army, including the Admiral Liu Hongcao (劉弘操; Vietnamese: Lưu Hoàng Thao; the son of the Southern Han
Southern Han
Emperor), were killed. King of Viet Nam[edit] After overthrowing the Chinese government in Vietnam
and founding the Ngô Dynasty, arguably the first Vietnamese dynasty, Ngô Quyền transferred the capital to Cổ Loa, the capital of Âu Lạc, the ancient Vietnamese kingdom, thus affirming the continuity of the traditions of the Lạc Việt
Lạc Việt
people. From this time, Ngô Quyền
Ngô Quyền
reclaimed Vietnamese independence and was proclaimed as King (Ngô Vương) of An Nam in 939. He named Vietnam Đại Việt
Đại Việt
when he was made king. Ngô Quyền's immediate heirs proved unable to maintain a unified state. After his death in 944, Duong-Binh Vuong Tam-Kha usurped the throne for a brief time, until Ngô Quyền's two sons, Ngô Nam-Tan Vuong Xuong-Van and Ngô Thien-Sach Vuong Xuong-Ngap, finally established a joint rule, which lasted until the collapse of the Ngô Dynasty
in 954. Importance in Vietnamese history[edit] The first history of Vietnam
by Lê Văn Hưu (13th century), Anthology of Palace Spirits of Lý Tế Xuyên (14th Century), and successive histories all recognised the importance of Quyền.[2] Image[edit]

Ngô Quyền's temple in Cam Lâm village.

Ngô Quyền's Temple.

Tomb of Ngô Quyền.


^ Van Dao Hoang Viet Nam Quoc Dan Dang: A Contemporary History of a National Struggle: 1927-1954 Page 7 2008 "... expression of the traditional attitude against foreign invasion derived from such heroes as Trưng Sisters Queens, Ngô Quyền, Lê Lợi, Hưng Đạo, and Quang Trung." ^ Patricia M. Pelley, Postcolonial Vietnam: New Histories of the National Past (2002), page 177 "For instance, the first history of Vietnam, written in the thirteenth century by Lê Văn Hưu, recognized the importance of the Trưng sisters and Ngô Quyền. Subsequent texts, such as Palace Spirits, the popular compilation of the fourteenth ."

Further reading[edit]

Nam Viet, Britannica The first National King of Viet Nam: Ngo Quyen, Father of Vietnamese Independence

Ngô Quyền Ngô Dynasty Born: 897 Died: 944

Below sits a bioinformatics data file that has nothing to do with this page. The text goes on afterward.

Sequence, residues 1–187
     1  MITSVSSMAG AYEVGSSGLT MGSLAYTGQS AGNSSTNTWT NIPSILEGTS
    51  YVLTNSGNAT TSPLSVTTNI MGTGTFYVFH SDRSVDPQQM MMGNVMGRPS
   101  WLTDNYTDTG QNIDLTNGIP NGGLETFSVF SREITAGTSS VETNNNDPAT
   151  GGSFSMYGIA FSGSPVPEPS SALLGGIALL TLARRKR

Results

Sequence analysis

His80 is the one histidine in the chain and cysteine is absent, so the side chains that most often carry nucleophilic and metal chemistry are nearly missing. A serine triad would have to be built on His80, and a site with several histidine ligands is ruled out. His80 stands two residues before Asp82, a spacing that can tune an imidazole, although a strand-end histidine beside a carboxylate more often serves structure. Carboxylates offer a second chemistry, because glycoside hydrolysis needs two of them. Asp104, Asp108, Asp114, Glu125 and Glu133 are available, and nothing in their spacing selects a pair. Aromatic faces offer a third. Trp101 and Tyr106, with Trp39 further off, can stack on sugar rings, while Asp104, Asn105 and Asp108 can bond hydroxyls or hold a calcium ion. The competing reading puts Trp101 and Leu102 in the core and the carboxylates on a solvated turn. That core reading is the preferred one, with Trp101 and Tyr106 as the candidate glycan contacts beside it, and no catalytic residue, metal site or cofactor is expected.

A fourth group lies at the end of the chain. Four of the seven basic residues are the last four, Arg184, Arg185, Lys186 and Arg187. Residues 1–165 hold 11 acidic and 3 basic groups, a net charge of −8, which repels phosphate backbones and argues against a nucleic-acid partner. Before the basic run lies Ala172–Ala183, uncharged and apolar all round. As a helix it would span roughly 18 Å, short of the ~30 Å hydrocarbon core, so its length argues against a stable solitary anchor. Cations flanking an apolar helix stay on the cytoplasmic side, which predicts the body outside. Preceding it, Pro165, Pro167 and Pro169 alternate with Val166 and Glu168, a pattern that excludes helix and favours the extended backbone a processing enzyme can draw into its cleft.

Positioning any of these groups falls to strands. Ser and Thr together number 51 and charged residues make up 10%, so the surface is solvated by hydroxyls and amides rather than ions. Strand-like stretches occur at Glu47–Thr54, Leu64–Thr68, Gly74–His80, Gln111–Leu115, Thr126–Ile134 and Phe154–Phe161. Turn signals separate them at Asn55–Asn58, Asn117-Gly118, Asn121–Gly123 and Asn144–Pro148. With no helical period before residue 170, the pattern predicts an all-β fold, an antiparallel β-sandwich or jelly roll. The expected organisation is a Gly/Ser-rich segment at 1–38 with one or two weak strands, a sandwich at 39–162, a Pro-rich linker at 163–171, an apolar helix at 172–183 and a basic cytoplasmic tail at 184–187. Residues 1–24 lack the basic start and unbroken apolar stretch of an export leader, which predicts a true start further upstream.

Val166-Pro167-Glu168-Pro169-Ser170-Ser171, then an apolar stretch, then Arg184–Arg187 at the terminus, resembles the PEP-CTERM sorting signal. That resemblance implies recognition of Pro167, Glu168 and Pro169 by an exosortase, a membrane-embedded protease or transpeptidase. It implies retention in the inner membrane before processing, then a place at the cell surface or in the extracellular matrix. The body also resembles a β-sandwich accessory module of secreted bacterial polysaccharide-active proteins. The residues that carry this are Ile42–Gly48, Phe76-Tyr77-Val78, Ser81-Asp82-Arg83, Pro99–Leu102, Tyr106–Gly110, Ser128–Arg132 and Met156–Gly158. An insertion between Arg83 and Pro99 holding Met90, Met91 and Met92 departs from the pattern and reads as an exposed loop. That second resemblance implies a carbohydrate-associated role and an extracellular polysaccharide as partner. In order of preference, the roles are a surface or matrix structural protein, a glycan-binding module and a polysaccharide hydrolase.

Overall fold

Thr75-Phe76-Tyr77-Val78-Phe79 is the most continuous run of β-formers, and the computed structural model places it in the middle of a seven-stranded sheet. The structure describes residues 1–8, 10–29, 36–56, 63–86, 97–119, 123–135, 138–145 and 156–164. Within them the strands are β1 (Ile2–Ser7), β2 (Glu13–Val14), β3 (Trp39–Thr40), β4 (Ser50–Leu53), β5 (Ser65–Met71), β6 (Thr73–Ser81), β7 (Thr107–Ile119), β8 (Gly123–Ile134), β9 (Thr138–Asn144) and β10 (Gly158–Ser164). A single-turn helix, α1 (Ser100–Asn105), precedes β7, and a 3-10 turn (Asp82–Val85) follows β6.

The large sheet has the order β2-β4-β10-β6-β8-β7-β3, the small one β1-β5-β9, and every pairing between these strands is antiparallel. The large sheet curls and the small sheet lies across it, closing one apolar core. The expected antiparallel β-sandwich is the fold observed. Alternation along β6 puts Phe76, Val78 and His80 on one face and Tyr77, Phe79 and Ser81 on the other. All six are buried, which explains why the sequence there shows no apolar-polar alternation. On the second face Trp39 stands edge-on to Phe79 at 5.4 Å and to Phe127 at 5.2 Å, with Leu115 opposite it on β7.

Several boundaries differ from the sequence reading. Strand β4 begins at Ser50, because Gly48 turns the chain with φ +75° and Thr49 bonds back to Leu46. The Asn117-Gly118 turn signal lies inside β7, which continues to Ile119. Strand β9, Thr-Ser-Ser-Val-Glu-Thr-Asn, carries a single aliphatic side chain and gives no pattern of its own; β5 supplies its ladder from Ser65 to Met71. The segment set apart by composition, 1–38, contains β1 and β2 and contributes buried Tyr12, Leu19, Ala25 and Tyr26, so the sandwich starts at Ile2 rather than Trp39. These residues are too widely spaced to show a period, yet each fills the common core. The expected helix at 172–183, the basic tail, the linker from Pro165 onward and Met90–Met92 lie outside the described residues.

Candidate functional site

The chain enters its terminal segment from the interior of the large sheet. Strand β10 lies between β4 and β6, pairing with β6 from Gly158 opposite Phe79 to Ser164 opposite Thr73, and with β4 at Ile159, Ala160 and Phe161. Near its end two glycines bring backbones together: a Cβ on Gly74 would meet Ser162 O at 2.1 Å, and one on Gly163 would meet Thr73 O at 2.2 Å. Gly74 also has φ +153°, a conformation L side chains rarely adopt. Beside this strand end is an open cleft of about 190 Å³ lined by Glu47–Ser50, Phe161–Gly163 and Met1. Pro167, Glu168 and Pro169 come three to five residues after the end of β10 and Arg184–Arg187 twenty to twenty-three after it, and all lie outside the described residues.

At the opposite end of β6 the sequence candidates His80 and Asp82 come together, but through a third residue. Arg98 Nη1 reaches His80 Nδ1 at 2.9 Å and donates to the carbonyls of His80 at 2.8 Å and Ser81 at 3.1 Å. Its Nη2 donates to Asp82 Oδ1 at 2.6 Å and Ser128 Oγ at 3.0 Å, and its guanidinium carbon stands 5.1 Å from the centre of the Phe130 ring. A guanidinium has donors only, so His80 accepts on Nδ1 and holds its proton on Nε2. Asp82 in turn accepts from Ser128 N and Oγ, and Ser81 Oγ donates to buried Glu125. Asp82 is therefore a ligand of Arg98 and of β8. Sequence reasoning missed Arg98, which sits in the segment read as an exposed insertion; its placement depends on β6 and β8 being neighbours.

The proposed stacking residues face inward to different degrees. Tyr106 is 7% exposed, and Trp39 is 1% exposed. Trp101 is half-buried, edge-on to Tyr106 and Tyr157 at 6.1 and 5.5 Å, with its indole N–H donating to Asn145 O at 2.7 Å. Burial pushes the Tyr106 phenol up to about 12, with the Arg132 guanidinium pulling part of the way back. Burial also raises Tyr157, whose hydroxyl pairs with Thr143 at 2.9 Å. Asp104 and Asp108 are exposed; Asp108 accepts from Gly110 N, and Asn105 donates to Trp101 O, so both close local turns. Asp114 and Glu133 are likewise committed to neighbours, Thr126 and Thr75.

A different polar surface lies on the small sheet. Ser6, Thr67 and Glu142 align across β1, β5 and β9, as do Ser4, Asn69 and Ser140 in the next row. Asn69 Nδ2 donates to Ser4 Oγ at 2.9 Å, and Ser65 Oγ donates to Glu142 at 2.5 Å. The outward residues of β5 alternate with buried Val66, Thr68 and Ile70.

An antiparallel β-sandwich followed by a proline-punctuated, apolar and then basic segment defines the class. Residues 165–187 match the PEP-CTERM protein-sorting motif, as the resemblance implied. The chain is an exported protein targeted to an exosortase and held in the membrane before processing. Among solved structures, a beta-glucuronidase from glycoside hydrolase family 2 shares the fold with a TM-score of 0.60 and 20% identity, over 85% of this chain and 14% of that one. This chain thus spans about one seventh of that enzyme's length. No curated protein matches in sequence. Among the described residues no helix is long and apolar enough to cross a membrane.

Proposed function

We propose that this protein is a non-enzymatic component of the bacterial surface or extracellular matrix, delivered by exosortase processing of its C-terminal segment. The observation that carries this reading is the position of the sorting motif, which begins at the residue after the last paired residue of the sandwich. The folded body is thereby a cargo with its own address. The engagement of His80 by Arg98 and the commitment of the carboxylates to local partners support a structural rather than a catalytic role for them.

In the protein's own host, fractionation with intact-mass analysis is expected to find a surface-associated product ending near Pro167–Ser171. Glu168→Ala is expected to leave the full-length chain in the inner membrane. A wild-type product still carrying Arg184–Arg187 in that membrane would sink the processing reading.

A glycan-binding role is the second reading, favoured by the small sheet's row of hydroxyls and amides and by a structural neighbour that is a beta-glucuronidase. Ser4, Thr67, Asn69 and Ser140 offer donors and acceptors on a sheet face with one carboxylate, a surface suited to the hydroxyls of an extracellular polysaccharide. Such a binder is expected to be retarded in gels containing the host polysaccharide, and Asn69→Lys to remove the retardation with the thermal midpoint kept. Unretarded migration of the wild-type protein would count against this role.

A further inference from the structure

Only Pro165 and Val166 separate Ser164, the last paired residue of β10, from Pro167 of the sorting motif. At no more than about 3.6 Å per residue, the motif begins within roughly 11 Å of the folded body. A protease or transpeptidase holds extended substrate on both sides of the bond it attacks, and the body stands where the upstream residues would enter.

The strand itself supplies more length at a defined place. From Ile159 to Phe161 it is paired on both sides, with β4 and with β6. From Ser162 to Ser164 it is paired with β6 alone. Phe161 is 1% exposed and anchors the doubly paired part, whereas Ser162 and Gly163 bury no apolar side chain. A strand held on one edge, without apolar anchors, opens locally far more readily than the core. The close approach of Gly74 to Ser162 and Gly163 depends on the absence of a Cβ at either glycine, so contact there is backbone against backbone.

Preceded by Kiều Công Tiễn as governor of Tĩnh Hải quân King of Nam Việt 939–944 Succeeded by Dương Tam Kha

v t e

Notable families in Early independent Vietnam

Colour note





























































Khúc Thừa Dụ




























































Khúc Hạo
























































Dương Đình Nghệ


Khúc Thừa Mỹ
































































































Ngô Quyền


Queen Dương




Đinh Công Trứ


Dương Tam Kha


Kiều Công Tiễn

































































Ngô Xương Ngập


Ngô Xương Văn





Đinh Tiên Hoàng


Dương Vân Nga


Lê Đại Hành


Kiều Công Chuẩn



































































Ngô Nhật Khánh


Ngô Xương Xí



Đinh Liễn


Đinh Hạng Lang


Đinh Phế Đế










Kiều Công Hãn













































Princess Phất Kim

















Lê Long Việt


Lê Long Đĩnh



Kiều Thuận







































Ngô Sĩ Liên
Ngô Sĩ Liên
(1993), Đại Việt
Đại Việt
sử ký toàn thư (in Vietnamese) (Nội các quan bản ed.), Hanoi: Social Science Publishing House  National Bureau for Historical Record (1998), Khâm định Việt sử Thông giám cương mục (in Vietnamese), Hanoi: Education Publishing House  Trần Trọng Kim
Trần Trọng Kim
(1971), Việt Nam sử lược
Việt Nam sử lược
(in Vietnamese), Saigon: Center for School Materials  Chapuis, Oscar (1995), A history of Vietnam: from Hong Bang to Tu Duc, Greenwood Publishing Group, ISBN 0313296227 

Family tree of Vietnamese monarchs

Overall Early independence Lý dynasty Trần dynasty Lê dynasty Trịnh lords and Mạc dynasty Nguyễn